and breadth of the information available)—makes the utility of the system’s combined efforts less than it should be.

Many of the data sets described in Chapter 2 are built from core data elements that have been static for many years and reflect the sum of the health of individuals with few data on measures of the health of a community. The committee’s vision of measurement includes both a reconsideration of the use of older measures that may be less amenable to local action and accountability and the building of new measures and potentially new measurement systems that report on more recently recognized loci for intervention.

NCHS’s current mission is “to provide statistical information that will guide actions and policies to improve the health of the American people. As the Nation’s principal health statistics agency, NCHS leads the way with accurate, relevant, and timely data” (CDC, 2009). Although recognizing the statutory underpinnings of its mission, the committee believes that the current implementation of the NCHS mission is too limited (e.g., to conducting surveys). The 2002 HHS document Developing a 21st Century Vision for Health Statistics states that the NCHS vision should (HHS, 2002)

  • Reflect all manifestations of health and health care delivery.

  • Encompass population health, transactions between the population and the health care delivery system, and the health care delivery system.

  • Address the relationship and potential synergy between public and private health data sets and national, state, and locally maintained data.

Those three points are congruent with the committee’s findings about the statistics and information system’s needs, gaps, and opportunities. NCHS’s current mission statement and the committee’s understanding of the agency’s scope of work suggest that its current role consists primarily of conducting several major surveys on population health, as well as managing the nation’s vital statistics system and managing surveys of nursing homes, hospitals, outpatient facilities, and other clinical care providers (NRC, 2009). The committee believes that NCHS can and should play a broader leadership role in the population health information system, expanding its analytic capabilities, its research activities, its ability to collaborate with those who use its data, and its ability to help to modernize and integrate the system. Transforming the way the mission of NCHS is implemented could broaden the array of activities in which NCHS engages beyond surveys and basic statistical work and toward activities that facilitate and provide guidance for the “translation” of data into information and knowledge that decision-makers and communities can use.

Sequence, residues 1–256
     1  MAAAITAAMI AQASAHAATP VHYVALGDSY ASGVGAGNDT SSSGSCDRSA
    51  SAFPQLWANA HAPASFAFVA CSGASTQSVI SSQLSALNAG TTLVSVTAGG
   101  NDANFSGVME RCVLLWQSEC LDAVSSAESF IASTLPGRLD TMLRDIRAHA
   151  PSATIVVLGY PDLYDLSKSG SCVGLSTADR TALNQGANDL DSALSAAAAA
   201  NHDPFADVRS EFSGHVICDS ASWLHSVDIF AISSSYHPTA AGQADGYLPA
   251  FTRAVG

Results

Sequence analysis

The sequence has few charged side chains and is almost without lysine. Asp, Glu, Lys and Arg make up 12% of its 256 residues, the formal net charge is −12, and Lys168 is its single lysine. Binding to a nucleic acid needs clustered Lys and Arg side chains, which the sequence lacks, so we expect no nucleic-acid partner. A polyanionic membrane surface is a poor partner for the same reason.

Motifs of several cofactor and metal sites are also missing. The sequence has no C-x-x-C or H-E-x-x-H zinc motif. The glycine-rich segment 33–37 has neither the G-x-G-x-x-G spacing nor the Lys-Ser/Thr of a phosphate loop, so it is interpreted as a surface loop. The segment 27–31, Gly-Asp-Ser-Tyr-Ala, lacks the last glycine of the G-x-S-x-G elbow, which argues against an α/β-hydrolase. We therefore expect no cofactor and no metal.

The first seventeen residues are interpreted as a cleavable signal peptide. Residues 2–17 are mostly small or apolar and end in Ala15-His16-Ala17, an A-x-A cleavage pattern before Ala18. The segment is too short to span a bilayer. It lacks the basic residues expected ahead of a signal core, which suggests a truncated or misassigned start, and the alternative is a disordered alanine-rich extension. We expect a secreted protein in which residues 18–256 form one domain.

Facilitating a more highly integrated data system and a national popula-



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